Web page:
Let´s remember association, specially in observations, don´t mean causation.

Kind regards,

Emmanuel:.

]]>The most significant error in this paper comes from the boundary conditions the authors assumed when they obtained Johnson’s average daily theoretical win (ADT) for one day of play. They stated, without justification, that Don Johnson would either play 720 hands or quit after having lost $500,000. These are highly non-optimal boundary conditions. Based on these boundary conditions, the authors determine an ADT of about $41,000. In fact, the optimal boundary conditions are (approximately) for Don Johnson to quit after having either won $2.4M or lost $2.6M. These quit points lead to an ADT of about $125k, with an average of about 480 hands required to hit a boundary point.

In personal communications, Johnson stated that my results above are consistent with those obtained by his mathematicians. He also stated that based on other more intangible table conditions he sometimes exceeded these quit points. Such aberrations included, for example, error-prone dealers.

Another serious problem with the author’s results comes from the distribution the authors use to model blackjack. The author’s distribution pays the values 0, 1, -1 and 1.5 based on a 1 unit initial wager, with probabilities 0.0982, 0.0483, 0.3893 and 0.4623. This distribution gives a house edge of 0.25% with a standard deviation of 0.9809. In the actual blackjack game that Johnson played, outcomes cover the entire range from winning 8 units to losing 8 units, after splits, doubles and surrender are taken into consideration. The correct house edge is 0.263% with a standard deviation of 1.1417. It follows that the authors used a distribution whose standard deviation was substantially smaller than the actual standard deviation for blackjack.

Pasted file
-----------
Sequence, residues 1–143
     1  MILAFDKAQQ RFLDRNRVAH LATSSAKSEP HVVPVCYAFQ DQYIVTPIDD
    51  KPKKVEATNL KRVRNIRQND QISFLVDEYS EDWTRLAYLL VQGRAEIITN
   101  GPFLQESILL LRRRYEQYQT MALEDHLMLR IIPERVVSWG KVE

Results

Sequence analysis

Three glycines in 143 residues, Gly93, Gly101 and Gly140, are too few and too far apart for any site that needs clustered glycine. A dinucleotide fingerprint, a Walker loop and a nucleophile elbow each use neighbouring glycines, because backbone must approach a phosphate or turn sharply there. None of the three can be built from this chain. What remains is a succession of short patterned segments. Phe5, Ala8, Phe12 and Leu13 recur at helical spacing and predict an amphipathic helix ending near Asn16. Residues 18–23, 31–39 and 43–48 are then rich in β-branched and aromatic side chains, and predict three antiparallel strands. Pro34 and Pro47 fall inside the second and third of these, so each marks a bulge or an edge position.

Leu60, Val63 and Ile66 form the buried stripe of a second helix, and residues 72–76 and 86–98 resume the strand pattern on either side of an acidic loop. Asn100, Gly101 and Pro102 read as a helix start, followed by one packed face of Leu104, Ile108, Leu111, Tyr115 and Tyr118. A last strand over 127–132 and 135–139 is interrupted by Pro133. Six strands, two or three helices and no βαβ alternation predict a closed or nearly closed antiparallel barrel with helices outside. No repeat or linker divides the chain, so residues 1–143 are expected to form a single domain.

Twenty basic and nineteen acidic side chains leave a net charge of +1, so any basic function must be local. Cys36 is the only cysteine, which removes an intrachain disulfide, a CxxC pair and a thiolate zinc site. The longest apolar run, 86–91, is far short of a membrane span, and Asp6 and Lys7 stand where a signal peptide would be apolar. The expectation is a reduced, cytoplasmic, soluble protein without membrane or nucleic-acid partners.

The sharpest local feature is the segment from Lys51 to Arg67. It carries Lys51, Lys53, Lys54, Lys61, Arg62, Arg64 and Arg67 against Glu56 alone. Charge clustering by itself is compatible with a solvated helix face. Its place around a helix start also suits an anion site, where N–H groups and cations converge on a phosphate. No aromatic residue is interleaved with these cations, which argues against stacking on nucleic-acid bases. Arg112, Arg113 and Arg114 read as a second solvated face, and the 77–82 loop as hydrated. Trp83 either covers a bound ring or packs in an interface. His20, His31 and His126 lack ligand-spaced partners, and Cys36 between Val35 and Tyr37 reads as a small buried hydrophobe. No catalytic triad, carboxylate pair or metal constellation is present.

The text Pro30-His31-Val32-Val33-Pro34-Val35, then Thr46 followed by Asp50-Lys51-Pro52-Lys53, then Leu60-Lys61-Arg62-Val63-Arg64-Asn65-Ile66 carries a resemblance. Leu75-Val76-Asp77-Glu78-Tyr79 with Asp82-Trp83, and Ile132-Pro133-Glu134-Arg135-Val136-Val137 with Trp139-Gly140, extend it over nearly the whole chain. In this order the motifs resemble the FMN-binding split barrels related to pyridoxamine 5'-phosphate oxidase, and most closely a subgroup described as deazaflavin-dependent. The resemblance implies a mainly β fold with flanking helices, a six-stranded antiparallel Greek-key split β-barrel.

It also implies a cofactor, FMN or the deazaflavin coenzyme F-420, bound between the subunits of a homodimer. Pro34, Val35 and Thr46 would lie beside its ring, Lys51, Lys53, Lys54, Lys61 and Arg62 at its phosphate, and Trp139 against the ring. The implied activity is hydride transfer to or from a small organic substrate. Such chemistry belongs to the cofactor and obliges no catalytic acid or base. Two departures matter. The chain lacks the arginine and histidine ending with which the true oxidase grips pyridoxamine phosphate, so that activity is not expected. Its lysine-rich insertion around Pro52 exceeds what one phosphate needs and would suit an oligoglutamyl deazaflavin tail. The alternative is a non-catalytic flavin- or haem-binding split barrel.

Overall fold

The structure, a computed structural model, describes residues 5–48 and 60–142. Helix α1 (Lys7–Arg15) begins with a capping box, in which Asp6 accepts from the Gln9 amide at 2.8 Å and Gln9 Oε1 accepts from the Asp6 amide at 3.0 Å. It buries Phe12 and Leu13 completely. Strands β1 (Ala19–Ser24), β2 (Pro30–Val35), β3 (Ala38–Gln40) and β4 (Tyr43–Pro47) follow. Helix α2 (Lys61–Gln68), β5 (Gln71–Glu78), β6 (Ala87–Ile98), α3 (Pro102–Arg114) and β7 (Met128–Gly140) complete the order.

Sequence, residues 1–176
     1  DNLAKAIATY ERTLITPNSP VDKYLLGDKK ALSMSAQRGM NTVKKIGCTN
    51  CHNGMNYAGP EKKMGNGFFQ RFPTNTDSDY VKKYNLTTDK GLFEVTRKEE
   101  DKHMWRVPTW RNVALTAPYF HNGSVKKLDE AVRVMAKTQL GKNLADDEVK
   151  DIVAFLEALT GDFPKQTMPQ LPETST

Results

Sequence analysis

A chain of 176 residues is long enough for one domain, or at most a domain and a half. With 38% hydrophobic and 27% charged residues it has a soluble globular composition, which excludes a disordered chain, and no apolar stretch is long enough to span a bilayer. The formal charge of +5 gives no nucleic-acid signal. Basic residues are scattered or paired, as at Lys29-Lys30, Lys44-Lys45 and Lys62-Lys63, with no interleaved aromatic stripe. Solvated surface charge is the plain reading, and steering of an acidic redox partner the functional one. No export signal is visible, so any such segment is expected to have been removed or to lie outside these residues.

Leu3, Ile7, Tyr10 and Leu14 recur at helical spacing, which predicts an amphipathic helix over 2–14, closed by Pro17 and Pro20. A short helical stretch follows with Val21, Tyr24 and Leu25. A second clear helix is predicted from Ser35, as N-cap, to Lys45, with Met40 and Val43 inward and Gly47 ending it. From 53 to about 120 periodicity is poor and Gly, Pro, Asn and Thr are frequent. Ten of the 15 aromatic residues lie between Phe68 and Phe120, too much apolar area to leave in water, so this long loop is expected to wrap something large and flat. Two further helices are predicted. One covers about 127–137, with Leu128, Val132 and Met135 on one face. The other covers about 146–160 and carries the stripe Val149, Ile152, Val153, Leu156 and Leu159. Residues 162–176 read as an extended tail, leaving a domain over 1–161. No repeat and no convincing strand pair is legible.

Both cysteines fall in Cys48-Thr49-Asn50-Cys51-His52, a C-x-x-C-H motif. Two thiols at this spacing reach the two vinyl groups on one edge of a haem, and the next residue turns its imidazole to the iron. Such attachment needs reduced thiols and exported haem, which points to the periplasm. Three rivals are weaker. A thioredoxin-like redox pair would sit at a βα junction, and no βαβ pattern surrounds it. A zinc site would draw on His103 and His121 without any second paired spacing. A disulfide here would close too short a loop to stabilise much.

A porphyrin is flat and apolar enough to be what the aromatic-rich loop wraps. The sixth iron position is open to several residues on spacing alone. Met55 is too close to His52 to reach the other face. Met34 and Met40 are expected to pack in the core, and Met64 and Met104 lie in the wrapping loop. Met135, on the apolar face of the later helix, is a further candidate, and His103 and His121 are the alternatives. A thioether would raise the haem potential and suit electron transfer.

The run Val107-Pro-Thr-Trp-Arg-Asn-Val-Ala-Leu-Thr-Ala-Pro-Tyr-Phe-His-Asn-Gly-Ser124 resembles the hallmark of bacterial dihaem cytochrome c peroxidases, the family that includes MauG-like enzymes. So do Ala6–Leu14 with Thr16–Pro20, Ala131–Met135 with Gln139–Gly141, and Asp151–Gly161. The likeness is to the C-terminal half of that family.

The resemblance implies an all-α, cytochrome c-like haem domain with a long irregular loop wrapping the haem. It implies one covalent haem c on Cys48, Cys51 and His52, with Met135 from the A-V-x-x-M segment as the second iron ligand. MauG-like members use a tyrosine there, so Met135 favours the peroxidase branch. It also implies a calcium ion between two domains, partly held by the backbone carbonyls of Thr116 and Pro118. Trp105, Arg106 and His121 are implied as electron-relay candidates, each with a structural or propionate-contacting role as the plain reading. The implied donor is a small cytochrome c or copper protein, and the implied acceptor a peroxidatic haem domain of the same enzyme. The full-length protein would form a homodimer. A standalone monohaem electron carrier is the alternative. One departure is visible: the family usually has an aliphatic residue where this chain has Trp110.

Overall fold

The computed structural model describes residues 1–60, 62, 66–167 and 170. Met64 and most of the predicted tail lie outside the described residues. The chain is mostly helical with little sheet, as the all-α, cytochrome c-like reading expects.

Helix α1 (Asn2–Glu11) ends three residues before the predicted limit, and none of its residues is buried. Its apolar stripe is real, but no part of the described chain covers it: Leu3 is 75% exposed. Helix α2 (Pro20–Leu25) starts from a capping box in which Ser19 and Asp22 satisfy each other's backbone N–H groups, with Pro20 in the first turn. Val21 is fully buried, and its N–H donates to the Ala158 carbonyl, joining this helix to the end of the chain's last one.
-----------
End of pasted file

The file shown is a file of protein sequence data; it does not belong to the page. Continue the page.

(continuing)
A player’s ADT playing against a loss rebate is proportional to the standard deviation of the game. Underestimating the standard deviation is another cause that led to the authors to underestimate Don Johnson’s overall win-rate. It appears the authors did not investigate the exact blackjack rules that Don Johnson played against. Had they made this effort, the authors could have gotten the correct distribution for their blackjack simulations with a simple Google search, which would have led them to the wizardofodds.com website. This search would have led them to use an accurate blackjack model.

There are other sources of positive expected value that the authors did not consider. In addition to Johnson’s ADT of $125k from a correct loss rebate strategy, Johnson was also given $50k per day in “show up money.” He also claimed to work hard to create conditions where the dealers made errors. When I heard Don Johnson speak at the World Game Protection Conference in Las Vegas in 2013, he stated that he coaxed about two or three errors per day from the dealers. That’s at least another $200k per day. These additional sources yield about an ADT of about $375k per day. Playing 40 days (as the authors assumed), it follows that Don Johnson’s overall results were completely in line with expectation. Indeed, 40x$375k = $15M.

I am surprised that the authors did not do a simple Google search on “Don Johnson blackjack.” If they had, then they would have found my work. For nearly a year, my results have been in the top 5 under the Google search “Don Johnson blackjack.” I have written a number of articles on Don Johnson as well as on the general theory of beating loss rebates. In the last few months, I have proved and published a series of theorems that I call the “Loss Rebate Theorems.” These allow a direct spread sheet solution that does not require Monte Carlo modeling.

The authors simulated 500,000″ Don Johnsons” with incorrect boundary conditions and an incorrect blackjack model. I simulated billions of “Don Johnsons” using a variety of quit points and the exact blackjack distribution corresponding to the specific game Johnson played. My simulated results were confirmed by the values produced by my Loss Rebate Theorems. I then confirmed my results were consistent with Johnson’s actual strategy by direct communication with him.

The authors state that “In the end, it is likely the case that his (Johnson’s) net winnings over the five-month period were overstated.” The truth is that Don Johnson won at a rate that was consistent with his expectation. The authors conclude that “there is a role for probabilistic fact checking at high-end periodicals.” They are right.

I invite the readers to visit my blog, http://www.apheat.net, and read my articles on loss rebates and Don Johnson.

]]>